The nationalisation of the British coal industry in 1947, saw the demise and total eradication of deep coal mining from around 950 coal mines across Britain, plus the loss of employment for millions of skilled coal miners and thousands of surface workers.

The closure of Thoresby Colliery, the last working deep mine in Nottinghamshire on July 10 2015 and then Kellingley Colliery in North Yorkshire, the last working mine in the UK on December 15 2015, marked what many believe to be a ‘curtain call’ for coal communities.


Academic research is slowly starting to awaken to the previously hidden histories of black miners throughout the UK and its importance to the wider story of British coal mining.

Many coal mine personnel records were disposed of in the late 1980s following the rapid closure of pits across the country.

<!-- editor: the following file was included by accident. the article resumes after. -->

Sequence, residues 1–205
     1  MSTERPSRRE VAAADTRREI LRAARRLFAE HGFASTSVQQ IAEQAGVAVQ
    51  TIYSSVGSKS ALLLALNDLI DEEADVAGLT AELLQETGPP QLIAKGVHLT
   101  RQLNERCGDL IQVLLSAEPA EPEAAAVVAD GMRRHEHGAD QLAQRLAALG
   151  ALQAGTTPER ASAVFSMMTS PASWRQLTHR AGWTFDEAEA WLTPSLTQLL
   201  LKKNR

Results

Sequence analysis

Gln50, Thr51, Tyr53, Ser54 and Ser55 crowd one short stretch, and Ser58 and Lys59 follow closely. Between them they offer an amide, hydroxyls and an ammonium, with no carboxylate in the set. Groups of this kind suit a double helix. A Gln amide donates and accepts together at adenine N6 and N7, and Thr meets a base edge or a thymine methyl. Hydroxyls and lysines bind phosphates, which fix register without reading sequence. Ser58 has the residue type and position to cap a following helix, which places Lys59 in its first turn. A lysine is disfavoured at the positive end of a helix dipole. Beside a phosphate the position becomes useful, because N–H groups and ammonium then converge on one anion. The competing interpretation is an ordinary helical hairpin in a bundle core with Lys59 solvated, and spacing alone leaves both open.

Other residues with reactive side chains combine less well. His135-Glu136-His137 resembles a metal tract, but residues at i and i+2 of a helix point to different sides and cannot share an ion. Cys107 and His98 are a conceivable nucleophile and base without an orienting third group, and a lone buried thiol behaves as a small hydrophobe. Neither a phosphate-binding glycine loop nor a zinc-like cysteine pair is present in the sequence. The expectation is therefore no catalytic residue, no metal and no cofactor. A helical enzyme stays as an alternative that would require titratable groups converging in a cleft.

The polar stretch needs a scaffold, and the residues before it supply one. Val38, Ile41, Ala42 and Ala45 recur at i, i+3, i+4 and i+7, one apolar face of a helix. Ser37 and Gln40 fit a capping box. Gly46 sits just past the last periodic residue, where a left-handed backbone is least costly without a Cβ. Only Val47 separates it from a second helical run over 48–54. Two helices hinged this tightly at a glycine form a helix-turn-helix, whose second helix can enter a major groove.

Since then, oral history as a qualitative research tool, has played an increasing role in the collection and preservation of interview data.

“Hundreds, if not thousands, of ex-miners of African Caribbean heritage contributed to the economic and industrial development of Britain, during their relatively short period in coal mining history dating back to Roman times” says Gregory. “But why is that their voices have yet to be heard? Giving a sense of recognition to the contributions made by these forgotten ‘industrial pioneers’ is what I aim for and what I stand for. British history has failed to notice the economic, social or political effects on many black communities across the UK since the burial of the British coal mining industry.”